BEIJING – A county government in eastern China has displayed unusual vigour in a campaign to suppress religious groups, closing hundreds of churches and temples, a Hong Kong-based rights centre reported on Saturday.
A total of 10 churches and 392 temples have been shut down, and in some caes demolished, over the past two months in Deqing county, Zhejiang province, the Information Centre for Human Rights and Democracy said in a statement.
Repeating a practice once common in revolutionary China, 92 temples have been turned into cultural venues of various kinds, according to the information center.
The campaign to “Rectify Illegal Religious Movements” has gone on since September under the leadership of the county chief and his deputy, the center said.
Every village in the county has formed small task forces of Communist Party cadres charged with spying on underground religious activities, it reported.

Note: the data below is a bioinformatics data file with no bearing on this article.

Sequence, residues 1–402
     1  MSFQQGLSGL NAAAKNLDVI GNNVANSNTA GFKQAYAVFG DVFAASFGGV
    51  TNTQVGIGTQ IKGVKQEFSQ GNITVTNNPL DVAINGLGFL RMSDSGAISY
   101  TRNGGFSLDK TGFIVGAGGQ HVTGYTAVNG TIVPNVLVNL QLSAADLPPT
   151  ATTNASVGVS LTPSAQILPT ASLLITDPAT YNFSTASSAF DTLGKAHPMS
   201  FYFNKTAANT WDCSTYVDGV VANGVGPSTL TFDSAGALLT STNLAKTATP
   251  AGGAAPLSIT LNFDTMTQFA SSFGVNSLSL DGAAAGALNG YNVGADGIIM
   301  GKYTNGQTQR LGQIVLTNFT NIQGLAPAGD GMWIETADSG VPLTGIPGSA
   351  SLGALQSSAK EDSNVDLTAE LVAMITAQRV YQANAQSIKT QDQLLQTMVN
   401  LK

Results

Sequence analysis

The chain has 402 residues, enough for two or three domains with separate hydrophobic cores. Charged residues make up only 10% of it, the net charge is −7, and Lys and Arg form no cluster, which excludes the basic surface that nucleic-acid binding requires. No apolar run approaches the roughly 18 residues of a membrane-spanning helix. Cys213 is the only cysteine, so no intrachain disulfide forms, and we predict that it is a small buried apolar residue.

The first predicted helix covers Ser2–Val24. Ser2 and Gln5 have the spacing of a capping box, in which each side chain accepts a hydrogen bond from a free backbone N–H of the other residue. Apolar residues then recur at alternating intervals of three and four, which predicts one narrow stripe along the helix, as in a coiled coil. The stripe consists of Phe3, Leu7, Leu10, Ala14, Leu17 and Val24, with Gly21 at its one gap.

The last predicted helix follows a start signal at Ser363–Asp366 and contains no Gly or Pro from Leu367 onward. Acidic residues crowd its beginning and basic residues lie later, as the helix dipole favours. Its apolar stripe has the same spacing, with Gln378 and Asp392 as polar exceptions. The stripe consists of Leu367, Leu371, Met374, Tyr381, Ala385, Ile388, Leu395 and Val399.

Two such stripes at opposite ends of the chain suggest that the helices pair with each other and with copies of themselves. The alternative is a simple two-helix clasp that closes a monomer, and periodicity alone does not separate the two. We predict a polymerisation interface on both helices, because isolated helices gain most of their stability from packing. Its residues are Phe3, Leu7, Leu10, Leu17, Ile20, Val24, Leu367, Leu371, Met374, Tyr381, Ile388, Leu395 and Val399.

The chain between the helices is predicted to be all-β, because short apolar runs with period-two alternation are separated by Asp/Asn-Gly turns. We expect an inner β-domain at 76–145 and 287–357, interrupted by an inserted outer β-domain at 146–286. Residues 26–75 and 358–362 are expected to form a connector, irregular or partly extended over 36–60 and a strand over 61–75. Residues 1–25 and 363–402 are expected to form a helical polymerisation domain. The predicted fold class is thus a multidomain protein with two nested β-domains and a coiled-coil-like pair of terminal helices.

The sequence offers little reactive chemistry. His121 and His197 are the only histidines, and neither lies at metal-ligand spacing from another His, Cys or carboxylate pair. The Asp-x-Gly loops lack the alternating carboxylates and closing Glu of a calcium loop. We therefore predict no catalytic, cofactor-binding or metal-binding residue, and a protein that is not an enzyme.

Similar campaigns have been launched in other parts of Zhejiang, including the provincial capital of Hangzhou, where at least 10 churches have been torn down in the period from July to October, the centre said.
It is little more than a week ago that Premier Wen Jiabao told journalists in Beijing that Chinese enjoy religious freedom.
Wen made that remark in response to a question about a recent incident in which police in northeast China raided a religious retreat and arrested about a dozen Roman Catholic clergymen.
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